- The views are gorgeous – Climbing over mountain passes makes for some great pictures. I was amazed at how beautiful Utah is.
- Night legs are fun – I enjoyed running at night more than I thought I would. I was scared for these runs, but they had to be the most fun (maybe because they were my shortest).
- Eating is
overratedhard – When you run as an ultra team eating doesn’t seem to be top priority, even though it should be. I wouldn’t recommend not eating, as most of our team fell victim to. It only made for some interesting runs and van talk.
- Wipes and Ziplock bags are your savior – I appreciated being able to wipe off after my dusty runs. It made the stink factor less of a problem. The ziplock bags were great for the dirty running clothes, sealing in the stink.
- Nuun is where it’s at – Nuun kept me hydrated and fueled me through 37 some miles.
- Peanut MM’s are a must – I probably ate more peanut MM’s then anything else throughout the entire 30 hours in the van, and let’s just say I didn’t eat a lot of MM’s. I survived on these (I am in no way recommending eating just peanut MM’s).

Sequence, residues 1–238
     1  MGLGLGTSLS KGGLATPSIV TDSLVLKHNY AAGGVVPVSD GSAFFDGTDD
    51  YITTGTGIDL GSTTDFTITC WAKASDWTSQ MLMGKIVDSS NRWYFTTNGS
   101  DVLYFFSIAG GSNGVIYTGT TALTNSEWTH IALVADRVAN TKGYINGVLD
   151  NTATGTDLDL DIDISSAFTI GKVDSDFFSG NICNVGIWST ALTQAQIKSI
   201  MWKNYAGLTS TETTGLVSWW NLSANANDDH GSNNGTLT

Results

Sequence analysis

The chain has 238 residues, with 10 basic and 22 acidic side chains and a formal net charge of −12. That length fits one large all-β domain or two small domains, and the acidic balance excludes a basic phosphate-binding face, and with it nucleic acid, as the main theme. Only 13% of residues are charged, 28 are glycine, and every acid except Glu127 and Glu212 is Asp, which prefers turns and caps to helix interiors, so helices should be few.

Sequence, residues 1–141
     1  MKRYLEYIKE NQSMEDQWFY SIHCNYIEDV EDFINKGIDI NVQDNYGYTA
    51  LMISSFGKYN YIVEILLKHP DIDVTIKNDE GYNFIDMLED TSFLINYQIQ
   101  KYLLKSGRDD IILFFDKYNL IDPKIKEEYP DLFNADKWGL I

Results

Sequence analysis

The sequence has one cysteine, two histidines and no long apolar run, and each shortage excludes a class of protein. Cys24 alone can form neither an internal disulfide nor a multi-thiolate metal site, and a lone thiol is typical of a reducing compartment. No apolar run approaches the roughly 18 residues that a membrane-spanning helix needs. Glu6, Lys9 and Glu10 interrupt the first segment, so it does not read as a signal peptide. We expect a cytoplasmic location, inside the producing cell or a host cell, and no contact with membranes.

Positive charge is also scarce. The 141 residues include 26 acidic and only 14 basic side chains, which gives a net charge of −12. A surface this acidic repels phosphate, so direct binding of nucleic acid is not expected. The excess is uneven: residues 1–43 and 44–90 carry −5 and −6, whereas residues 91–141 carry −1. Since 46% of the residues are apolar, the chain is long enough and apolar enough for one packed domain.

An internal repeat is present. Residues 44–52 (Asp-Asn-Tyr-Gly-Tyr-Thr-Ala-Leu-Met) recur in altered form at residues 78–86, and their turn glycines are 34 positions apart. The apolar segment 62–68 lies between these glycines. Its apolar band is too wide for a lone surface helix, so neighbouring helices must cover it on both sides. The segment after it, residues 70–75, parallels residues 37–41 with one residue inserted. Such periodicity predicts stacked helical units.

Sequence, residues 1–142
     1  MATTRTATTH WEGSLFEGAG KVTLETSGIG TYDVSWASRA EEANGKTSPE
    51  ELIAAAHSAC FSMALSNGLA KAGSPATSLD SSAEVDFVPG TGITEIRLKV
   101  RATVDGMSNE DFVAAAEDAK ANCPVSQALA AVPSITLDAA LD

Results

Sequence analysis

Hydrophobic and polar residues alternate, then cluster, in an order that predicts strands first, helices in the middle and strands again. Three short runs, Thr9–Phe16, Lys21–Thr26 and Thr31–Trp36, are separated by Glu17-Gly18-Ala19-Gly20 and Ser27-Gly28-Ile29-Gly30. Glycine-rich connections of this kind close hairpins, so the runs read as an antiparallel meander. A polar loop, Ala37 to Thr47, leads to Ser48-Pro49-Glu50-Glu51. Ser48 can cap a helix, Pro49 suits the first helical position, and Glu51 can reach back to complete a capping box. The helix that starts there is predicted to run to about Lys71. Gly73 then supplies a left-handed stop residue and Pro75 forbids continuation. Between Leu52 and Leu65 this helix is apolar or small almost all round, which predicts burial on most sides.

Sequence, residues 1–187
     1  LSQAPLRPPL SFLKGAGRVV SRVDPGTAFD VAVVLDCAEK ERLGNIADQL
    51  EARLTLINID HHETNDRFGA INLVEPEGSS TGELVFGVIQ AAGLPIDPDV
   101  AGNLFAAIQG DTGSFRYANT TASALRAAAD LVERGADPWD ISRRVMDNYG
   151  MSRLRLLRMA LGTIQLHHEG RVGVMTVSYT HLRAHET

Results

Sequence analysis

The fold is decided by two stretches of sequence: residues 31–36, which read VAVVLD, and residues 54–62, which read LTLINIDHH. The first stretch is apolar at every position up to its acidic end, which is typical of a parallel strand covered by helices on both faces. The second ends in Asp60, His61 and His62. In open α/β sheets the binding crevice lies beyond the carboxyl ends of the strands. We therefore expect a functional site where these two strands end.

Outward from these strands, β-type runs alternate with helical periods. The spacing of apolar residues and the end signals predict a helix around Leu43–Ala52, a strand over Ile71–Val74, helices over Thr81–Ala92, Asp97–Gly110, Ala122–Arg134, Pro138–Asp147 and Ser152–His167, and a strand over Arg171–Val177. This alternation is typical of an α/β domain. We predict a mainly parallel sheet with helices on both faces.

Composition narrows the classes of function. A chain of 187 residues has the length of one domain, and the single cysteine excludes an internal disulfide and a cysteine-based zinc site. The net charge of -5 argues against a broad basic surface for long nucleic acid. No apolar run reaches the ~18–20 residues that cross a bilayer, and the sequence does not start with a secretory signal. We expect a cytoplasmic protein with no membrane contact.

- You Make Amazing friends – I didn’t know any of my teammates before the race (besides through their blogs and on twitter), but yet I felt we had been friends for a long time. They are lifelong friends now!! Sharing a common passion for running helped. Also, we bonded with many other teams, who were just great.
- Once you do one, you’re hooked for another – Let’s face it even with the heat, uphill runs, lack of sleep and food, I know I will be doing another one. I am addicted to them now, and I only did one. It was that much fun. I couldn’t believe how much fun I had and how much fun running for and with another team is. You aren’t just running for yourself, but for those on your team.
How the Race Changed Me